At twenty-seven years of age, Seán was a broken man. The trauma of what he witnessed and the effects of his near drowning caused him a severe emotional and psychic collapse, the ripples of which washed up against him – sometimes pulling him back under – for the rest of his life. His bi-polar disorder produced a curious older man; someone who would laugh with all the joy of life and sink into the bleakest recesses of the valley of the shadow of death – sometimes in the same day.
It’s no mystery that our Tory masters have reduced animals to things incapable of feeling pain or thinking thoughts in order to exploit nature – and profit from it – as much as they possibly can. Killing beasts and people is always about pennies, albeit millions and millions of pennies – but pennies nonetheless. Why wouldn’t they do this to animals? If you can be so cruel to a defenceless animal you can do the same to a child.
Our childish question; “Why did no one help him?” must be asked again and again with fresh opportunity for us to answer that question in our words and actions. We are the answer to that question.
That’s fighting talk, that is. Growing up where I did I’ve heard this language a lot. It’s the battle cry of housing estate vigilante justice, “You just tell me where he lives, and I’ll march right round there and see what he has to say for himself. By God, he’ll listen to what I have to say.”
Today, regardless of what we think we are doing, we are not remembering the dead of that horrific war. The so-called ‘Great War’ is now all but beyond the horizon of living memory. Instead we are sharing in – not remembering – an imagined past; a glorious celebration of invented heroes who serve only to justify more modern, less morally justifiable wars – land and resource grabs.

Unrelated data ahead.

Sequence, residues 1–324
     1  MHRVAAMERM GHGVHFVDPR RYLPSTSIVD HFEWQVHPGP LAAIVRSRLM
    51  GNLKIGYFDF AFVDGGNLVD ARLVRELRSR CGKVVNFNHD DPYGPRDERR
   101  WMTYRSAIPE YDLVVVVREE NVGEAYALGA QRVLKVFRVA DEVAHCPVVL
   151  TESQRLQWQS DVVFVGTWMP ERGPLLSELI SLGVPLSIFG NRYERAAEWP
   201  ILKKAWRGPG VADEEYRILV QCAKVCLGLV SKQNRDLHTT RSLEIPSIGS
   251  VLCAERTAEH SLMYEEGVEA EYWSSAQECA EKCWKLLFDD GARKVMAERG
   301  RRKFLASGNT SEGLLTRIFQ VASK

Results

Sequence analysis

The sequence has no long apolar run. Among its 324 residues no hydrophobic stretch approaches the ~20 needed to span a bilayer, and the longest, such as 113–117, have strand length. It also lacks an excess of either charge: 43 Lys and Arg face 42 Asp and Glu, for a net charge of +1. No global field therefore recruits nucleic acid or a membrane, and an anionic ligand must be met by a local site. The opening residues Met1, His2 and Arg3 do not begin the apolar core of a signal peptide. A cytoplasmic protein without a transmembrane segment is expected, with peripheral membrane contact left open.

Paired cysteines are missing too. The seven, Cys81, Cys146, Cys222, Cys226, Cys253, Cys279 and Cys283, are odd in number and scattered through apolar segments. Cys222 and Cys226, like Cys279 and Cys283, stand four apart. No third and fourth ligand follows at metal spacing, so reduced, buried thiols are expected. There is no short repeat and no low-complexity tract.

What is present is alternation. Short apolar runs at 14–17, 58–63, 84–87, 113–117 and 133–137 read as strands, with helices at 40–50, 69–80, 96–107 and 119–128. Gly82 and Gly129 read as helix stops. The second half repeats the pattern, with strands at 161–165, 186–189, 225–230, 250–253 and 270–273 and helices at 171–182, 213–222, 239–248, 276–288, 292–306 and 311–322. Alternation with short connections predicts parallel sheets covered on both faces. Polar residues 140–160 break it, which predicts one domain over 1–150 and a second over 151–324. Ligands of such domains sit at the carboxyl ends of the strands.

Peter O’Loughlin, the clean-cut poster child of Ireland’s newest far-right political party Identity Ireland, may be frustrated tonight that his attempted Beerhall Putsch ended in farce. Today’s events may indeed spell the end of his own particular hopes for a rise to power, but that the racists in our midst now have the confidence to come out of the woodwork is indicative of more worrying changes in our social and political landscape.
'Remembering' the fallen of the so-called Great War mustn't be about the power and the glory. It must be rooted in the immeasurable suffering of poor, working men and boys, and tens of millions of innocent civilians.
Who am I to pick faults with a saint? I never had the pleasure of meeting Alphonus Maria de’ Liguori, the founder of the Redemptorists. He was a bit before my time (1696 – 1787), but I was an altar server in a parish very much influenced by his spirituality, especially during the season of … Continue reading Grant That I May Love Thee Always